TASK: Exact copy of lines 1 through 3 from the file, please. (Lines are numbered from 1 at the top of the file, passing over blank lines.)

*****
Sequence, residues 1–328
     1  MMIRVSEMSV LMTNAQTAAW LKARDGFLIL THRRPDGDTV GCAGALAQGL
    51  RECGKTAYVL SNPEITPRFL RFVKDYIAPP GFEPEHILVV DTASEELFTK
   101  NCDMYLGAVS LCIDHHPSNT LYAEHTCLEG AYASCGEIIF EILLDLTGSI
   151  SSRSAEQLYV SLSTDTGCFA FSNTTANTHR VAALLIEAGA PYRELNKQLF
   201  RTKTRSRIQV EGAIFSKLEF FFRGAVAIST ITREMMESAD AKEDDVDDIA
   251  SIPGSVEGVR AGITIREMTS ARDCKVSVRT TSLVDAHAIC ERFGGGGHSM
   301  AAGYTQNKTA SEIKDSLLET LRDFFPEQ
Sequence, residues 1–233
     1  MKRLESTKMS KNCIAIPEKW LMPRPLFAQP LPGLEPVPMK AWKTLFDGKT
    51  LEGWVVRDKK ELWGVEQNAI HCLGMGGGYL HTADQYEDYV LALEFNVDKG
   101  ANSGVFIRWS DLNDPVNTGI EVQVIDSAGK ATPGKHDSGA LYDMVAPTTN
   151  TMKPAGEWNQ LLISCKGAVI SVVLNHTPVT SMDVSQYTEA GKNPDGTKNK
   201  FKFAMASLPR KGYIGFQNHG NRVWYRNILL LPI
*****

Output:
Sequence, residues 1–328
     1  MMIRVSEMSV LMTNAQTAAW LKARDGFLIL THRRPDGDTV GCAGALAQGL
    51  RECGKTAYVL SNPEITPRFL RFVKDYIAPP GFEPEHILVV DTASEELFTK